The Obama Administration on Wednesday announced that it had approved an extension of the International Space Station, or ISS, until at least 2024, four more years than the previously planned 2020 deadline.
Wednesday’s announcement came one day before an international summit on the future of space exploration, which is set to kick off Thursday in Washington. NASA said that its partners from around the world are expected to join the extension effort, suggesting that the timing of the announcement was intended to influence the summit.
“The extension of ISS operation will allow NASA and the international space community to accomplish a number of important goals,” Charles Bolden, the administrator of NASA, wrote in an official blog post. “A related critical function of ISS is testing the technologies and spacecraft systems necessary for humans to safely and productively operate in deep space. Extending ISS until 2024 will give us the necessary time to bring these systems to maturity.”
According to NASA, keeping the ISS going longer is essential for many reasons. For example, the extension will allow the space agency to complete necessary research activities aboard the $100-billion orbiting laboratory in support of planned long-duration human missions beyond low-Earth orbit, including the planned human mission to an asteroid by 2025 and to Mars in the 2030s. The extension of the ISS is also expected to help scientists better understand the impact of long-duration missions in space on the human body.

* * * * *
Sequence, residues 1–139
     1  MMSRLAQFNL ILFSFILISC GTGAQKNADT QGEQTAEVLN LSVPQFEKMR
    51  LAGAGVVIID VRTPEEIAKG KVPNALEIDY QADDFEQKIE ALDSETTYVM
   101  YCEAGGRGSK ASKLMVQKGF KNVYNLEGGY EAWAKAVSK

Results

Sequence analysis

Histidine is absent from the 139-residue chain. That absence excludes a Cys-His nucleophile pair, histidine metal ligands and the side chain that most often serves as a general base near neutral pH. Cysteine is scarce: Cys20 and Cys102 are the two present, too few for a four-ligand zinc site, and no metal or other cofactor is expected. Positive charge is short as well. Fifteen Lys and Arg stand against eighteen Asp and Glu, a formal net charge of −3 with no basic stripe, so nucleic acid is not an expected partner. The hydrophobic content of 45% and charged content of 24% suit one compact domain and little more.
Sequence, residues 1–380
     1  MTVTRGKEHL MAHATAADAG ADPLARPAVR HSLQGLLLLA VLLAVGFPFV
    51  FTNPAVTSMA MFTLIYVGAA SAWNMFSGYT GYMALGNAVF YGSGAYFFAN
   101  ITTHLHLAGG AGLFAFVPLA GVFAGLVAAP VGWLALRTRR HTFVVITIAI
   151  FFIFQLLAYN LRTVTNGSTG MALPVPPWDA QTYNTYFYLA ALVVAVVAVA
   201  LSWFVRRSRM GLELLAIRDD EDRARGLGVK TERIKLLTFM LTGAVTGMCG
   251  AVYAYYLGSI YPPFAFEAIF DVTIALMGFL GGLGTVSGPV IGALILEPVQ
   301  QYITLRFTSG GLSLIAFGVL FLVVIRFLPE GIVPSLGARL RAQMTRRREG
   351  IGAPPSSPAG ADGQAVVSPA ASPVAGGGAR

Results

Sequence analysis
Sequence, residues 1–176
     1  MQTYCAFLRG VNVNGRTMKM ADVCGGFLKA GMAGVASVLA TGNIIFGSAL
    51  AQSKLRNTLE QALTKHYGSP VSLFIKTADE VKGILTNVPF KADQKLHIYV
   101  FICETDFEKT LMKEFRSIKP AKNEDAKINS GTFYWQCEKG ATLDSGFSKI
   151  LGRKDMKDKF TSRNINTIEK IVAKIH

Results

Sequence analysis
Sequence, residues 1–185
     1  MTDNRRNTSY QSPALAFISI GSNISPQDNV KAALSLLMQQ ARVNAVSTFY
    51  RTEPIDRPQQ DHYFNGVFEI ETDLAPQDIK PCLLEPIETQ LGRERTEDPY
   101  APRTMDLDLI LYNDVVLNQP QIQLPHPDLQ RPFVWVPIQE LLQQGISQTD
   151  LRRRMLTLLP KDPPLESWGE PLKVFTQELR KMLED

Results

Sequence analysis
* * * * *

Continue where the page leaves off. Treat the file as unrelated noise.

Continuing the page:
NASA has argued that the ISS extension could benefit future discoveries with significant medical and industrial implications, while also giving the space agency and its private-sector partners more time to transition to the commercial space industry, including the transportation of cargo and crew to low-Earth-orbit.
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“Launching American astronauts to the space station from U.S. soil has also been a top priority of the Obama Administration, and we’re making great strides toward certifying private companies to transport our astronauts into orbit,” Bolden wrote.
Over the next few years, NASA said, the ISS will host several Earth and space-science instruments, including the Stratospheric Aerosols and Gases Experiment, the RapidSCAT ocean winds measurement instrument and the Orbital Carbon Observatory among others, to study the Earth and its changing climate.
NASA also stressed that extending the space station's life would help “maintain American leadership in space.”
“With a partnership that includes 15 nations and with 68 nations currently using the ISS in one way or another, this unique orbiting laboratory is a clear demonstration of the benefits to humankind that can be achieved through peaceful global cooperation,” Bolden wrote. “It is important to keep this partnership intact, with America as its leader.”